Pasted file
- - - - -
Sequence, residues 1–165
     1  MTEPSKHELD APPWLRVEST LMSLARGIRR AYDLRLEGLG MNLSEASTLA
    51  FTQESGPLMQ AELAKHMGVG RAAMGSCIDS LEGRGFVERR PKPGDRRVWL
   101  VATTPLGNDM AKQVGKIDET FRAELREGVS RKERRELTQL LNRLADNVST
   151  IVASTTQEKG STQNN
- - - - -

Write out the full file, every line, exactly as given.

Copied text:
Sequence, residues 1–165
     1  MTEPSKHELD APPWLRVEST LMSLARGIRR AYDLRLEGLG MNLSEASTLA
    51  FTQESGPLMQ AELAKHMGVG RAAMGSCIDS LEGRGFVERR PKPGDRRVWL
   101  VATTPLGNDM AKQVGKIDET FRAELREGVS RKERRELTQL LNRLADNVST
   151  IVASTTQEKG STQNN